Signs advertising an alt-right online forum were found on campus earlier this month. The forum gives users a platform to express controversial opinions. PHOTO COURTESY OF BRIAN SUAREZ

Flyers plastered across campus urging onlookers to “stop anti-white discrimination” have sparked debate about free speech and diversity at Stony Brook University.

Appearing in Melville Library as early as Oct. 11, these flyers — along with similar ones promoting the same alt-right ideology — contained a link to a server on online chat platform Discord.

Discord allows users to create and join servers, each with their own distinct voice, text channels and moderation tools. Early visitors to the “/sbu/” server were greeted by a variety of channels dedicated to different topics, including “soc” (social), “a-anime” (anime), “fit” (fitness) and “mus” (music).

Alt-right ideology and language was used most frequently by /sbu/’s team of moderators, who bear the label “Certified Uncucked.”  These users also have access to certain channels that are locked for everyone else on the server.

A great deal of the conversations on /sbu/ focus on the importance of allowing students to discuss controversial viewpoints as a means of free speech.

People have also used the server as a place to tout their own controversial ideas. There have been discussions on how “estrogenization” —  the idea that society is becoming more feminine — leads to culture wars. Overt uses of racism can be seen on several occasions.

In many instances, the decorum exhibited on /sbu/ mimics that of 4chan, an online discussion board platform that has become a popular gathering place for misogynists and white nationalists.

Bigoted language is common on the server. There is a clear neo-nazi presence as well. Certain users have posted the “three parentheses,” a signal used by neo-nazis across the internet to denote a Jewish person or something related to Jewish people. The avatar of one prominent member displays Nazi uniforms.

In total, the server has 67 registered users; however, aside from the assigned moderators, it appears that most of these people are one-time users who never returned.

“Personally, I was on the server out of sheer curiosity, it was shared so often on my social media networks… I was like, I have to check this out, what it’s about,”  said Fuad Faruque, a senior biology major and vice president of the Stony Brook College Republicans. “The majority of the people in the server were there because they were curious or they were against what was happening,” Faruque said, adding that many users signed on simply to combat the ideology the server was created to promote.

Despite this, with such divisive ideas being advertised on campus, Eric Olsen, assistant chief of police at the University Police Department, said he and his team are ready to take action if the situation becomes dangerous.

Our department takes all incidents classified as hate crimes very seriously, we conduct extensive investigations and make arrests when possible,” he said.  “Fostering an academic experience that is supportive and respectful of our differences and basic notions of civility is not only the responsibility of the Police Department, the entire campus bears the same responsibility in creating a community that does not tolerate a disrespectful or hateful environment and I think our university makes a great effort to do so.”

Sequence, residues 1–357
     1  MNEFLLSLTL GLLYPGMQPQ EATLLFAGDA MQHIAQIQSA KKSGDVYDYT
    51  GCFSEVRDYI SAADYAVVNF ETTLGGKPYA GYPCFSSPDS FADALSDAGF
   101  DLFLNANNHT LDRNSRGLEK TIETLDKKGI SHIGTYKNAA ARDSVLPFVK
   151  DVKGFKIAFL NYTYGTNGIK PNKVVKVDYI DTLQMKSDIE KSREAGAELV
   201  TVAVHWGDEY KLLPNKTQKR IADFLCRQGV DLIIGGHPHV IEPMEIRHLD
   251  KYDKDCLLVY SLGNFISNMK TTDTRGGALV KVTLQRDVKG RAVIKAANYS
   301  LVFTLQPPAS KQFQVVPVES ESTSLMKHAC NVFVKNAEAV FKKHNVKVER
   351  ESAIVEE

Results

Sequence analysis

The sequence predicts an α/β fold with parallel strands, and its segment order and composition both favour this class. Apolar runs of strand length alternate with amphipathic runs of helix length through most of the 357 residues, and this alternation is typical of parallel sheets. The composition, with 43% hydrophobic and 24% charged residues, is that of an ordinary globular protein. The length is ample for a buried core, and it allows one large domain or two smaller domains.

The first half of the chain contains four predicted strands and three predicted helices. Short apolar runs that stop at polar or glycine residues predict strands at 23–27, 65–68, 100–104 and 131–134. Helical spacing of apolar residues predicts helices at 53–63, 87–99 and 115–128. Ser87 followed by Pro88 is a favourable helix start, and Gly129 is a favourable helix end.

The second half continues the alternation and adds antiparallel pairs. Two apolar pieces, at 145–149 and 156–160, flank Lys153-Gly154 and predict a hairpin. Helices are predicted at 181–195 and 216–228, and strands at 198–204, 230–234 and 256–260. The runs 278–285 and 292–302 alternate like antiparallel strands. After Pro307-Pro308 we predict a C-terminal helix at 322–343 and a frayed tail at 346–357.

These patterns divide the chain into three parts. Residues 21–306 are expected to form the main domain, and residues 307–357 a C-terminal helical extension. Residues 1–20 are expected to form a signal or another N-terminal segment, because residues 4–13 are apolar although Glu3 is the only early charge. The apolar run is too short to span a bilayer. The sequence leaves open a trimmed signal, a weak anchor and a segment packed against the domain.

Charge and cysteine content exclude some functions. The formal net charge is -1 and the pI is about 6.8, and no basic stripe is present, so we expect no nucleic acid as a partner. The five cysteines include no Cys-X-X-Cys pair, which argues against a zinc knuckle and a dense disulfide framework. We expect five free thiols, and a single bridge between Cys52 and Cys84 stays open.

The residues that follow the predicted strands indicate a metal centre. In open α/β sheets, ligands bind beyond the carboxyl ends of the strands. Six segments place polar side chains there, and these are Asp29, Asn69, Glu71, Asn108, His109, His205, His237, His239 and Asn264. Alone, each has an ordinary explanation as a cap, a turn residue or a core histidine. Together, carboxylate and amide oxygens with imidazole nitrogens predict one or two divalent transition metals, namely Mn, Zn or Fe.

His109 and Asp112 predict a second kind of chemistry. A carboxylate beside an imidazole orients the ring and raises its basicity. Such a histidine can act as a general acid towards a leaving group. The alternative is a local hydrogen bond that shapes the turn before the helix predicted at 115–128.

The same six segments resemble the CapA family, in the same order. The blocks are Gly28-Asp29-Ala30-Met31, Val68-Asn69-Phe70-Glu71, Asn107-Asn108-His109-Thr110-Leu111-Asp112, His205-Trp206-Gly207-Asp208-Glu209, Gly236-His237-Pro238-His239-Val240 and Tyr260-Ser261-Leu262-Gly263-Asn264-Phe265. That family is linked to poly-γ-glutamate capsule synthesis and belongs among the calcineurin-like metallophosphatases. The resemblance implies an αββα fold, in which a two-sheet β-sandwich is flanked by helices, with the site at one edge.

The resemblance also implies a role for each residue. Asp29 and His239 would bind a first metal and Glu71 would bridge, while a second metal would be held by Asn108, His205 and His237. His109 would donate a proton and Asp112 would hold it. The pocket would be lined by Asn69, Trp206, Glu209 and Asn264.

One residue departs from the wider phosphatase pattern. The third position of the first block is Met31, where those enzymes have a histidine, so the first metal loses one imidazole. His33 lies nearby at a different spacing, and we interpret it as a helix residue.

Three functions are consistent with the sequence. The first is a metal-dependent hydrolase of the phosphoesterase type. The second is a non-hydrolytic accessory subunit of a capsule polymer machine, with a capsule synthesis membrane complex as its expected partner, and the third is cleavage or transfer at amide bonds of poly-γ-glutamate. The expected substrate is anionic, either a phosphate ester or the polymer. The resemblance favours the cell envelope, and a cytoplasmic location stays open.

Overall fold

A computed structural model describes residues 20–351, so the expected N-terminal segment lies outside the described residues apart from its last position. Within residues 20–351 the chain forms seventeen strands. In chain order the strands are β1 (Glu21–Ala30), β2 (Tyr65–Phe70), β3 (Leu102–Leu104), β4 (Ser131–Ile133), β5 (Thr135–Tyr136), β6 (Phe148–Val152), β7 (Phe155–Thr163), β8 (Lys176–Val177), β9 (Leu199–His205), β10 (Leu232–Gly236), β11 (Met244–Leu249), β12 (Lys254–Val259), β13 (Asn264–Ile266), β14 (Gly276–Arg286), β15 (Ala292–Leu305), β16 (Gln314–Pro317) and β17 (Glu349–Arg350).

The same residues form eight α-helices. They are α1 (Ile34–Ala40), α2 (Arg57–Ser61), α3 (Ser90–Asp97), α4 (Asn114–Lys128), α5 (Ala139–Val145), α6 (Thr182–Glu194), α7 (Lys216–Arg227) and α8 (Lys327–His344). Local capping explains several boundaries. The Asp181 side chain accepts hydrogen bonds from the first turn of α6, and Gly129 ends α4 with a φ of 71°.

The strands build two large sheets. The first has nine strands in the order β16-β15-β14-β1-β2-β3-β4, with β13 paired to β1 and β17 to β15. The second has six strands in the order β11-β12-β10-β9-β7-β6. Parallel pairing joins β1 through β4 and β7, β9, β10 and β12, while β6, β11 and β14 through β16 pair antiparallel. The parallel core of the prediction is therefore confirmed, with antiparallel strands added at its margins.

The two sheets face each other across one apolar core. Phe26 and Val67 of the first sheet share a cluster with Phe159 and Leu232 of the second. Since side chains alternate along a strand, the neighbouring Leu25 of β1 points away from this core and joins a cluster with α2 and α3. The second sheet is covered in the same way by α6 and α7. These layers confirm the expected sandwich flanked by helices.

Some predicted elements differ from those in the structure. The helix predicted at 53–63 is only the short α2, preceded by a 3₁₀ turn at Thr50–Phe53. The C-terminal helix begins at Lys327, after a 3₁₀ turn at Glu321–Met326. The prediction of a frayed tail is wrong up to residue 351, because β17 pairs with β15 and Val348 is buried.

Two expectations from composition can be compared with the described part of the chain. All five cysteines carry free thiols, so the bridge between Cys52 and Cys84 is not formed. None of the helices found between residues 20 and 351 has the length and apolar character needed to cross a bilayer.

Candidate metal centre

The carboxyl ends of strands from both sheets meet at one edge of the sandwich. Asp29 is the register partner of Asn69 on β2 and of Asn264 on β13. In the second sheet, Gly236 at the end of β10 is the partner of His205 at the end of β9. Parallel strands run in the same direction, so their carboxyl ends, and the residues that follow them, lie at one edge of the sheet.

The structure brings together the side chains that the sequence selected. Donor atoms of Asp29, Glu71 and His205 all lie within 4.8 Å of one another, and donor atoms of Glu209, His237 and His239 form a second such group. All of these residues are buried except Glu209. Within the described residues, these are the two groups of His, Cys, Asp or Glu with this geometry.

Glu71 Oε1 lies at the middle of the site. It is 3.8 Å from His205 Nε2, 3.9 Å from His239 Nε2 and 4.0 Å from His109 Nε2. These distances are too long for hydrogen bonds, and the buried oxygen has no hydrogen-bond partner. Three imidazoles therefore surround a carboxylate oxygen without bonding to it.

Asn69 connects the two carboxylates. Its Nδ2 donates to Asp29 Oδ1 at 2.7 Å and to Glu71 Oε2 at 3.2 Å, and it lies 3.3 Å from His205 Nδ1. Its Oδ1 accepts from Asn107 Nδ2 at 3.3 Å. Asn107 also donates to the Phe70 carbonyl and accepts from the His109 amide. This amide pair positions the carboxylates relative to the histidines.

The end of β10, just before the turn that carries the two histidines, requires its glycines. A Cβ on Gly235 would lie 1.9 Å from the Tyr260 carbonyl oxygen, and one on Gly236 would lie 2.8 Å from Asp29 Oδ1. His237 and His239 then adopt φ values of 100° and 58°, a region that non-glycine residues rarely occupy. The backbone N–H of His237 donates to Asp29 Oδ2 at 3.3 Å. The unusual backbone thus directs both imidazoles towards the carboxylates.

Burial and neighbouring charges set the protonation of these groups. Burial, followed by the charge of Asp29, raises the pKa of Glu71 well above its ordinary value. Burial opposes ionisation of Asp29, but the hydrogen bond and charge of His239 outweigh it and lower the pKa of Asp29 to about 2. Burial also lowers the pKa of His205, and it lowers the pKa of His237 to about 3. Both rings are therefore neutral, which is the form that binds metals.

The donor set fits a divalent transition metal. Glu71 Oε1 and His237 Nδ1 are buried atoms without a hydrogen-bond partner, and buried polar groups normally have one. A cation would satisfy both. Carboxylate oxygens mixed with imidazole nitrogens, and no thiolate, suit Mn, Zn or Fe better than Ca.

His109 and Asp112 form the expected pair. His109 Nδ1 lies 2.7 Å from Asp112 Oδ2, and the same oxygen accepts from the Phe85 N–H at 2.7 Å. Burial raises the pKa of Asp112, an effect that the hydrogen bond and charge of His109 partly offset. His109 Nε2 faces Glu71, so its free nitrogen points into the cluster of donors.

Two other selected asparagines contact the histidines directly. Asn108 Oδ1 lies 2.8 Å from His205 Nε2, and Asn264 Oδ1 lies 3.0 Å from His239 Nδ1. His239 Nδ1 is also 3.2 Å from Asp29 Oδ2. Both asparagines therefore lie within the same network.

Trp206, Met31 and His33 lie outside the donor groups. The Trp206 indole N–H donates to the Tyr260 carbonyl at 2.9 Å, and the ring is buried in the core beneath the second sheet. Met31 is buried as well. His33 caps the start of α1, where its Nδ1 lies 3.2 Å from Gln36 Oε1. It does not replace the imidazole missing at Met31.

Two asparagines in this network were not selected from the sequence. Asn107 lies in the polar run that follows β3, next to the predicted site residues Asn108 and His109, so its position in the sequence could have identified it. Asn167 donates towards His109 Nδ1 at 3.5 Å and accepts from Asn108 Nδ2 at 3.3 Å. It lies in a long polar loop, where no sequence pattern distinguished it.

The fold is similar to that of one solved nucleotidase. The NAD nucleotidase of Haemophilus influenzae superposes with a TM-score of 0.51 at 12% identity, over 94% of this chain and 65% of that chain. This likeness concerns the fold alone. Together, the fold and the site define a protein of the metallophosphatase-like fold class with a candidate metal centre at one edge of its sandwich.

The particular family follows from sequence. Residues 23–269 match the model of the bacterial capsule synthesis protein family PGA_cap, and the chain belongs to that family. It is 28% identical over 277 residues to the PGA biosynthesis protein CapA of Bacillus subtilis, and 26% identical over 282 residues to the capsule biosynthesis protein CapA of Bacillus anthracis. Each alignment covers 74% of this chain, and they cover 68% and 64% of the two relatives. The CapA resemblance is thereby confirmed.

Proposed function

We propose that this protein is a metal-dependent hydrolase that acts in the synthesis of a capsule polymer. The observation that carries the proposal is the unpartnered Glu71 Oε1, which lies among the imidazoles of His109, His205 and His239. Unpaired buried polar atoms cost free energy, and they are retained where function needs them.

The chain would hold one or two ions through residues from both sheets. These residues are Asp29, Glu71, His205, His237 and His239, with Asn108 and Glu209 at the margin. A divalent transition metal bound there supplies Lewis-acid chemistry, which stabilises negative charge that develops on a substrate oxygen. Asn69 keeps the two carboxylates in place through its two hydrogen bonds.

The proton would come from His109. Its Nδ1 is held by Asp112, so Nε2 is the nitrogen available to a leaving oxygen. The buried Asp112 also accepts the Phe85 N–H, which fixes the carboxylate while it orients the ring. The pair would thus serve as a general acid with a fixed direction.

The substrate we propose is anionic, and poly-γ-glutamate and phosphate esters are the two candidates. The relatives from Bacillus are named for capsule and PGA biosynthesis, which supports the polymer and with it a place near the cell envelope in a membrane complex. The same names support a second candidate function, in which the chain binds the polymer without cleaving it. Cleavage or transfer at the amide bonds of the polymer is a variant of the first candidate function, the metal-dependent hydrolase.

While some may see the server as potentially malicious, sophomore computer science major Jeremy Ahn disagrees. “I decided to join because I really do understand that even though there are a lot of political views that are in the fringe, I believe that there’s a lot of opinions that are being suppressed and therefore building up in strength because of this suppression,” said Ahn, a self-described libertarian who visited the server at one point.

In contrast to their suggested mission of free speech and open communication, /sbu/’s moderators keep certain channels locked, preventing all other users from seeing them. With the exception of Ahn, the regular users of the server were all unwilling to have their names published.

Joseph Pierce, an assistant professor in the department of Hispanic languages & literature, said he has used the flyers as an avenue to discuss the meaning of diversity with his classes. “A person who feels threatened by diversity, because that word means a change in power structures, might feel justified in saying ‘Diversity is a threat to my existence’, and to a certain extent they’re right,” he said.  “Diversity in a sense does mean changing the power structures that allow whiteness as a category to predominate in politics and culture in the U.S.”

Even as diversity becomes a greater priority for Stony Brook’s administration, Associate Provost for Academic Success Richard Gatteau said that does not mean free speech is now at risk. “A key mission of higher education is to create and promote a marketplace of ideas, where we debate different viewpoints to gain greater understanding of critical issues facing us.  Such debate, when a healthy debate, allows us to share our passion, learn different perspectives, have more informed opinions, and make better decisions,” said Gatteau. “The challenge is when free speech becomes hate speech.”

Pierce argued that white nationalists and those who have given them a platform have debased the idea of free speech. “It’s often reported on as, somehow, one of a myriad of valid viewpoints that we have to take into consideration, when in reality that viewpoint is the extermination of people of color,” he said.  “When a white nationalist speaks and a person has to defend themselves, what they’re defending is not an intellectual position, it’s their very existence.”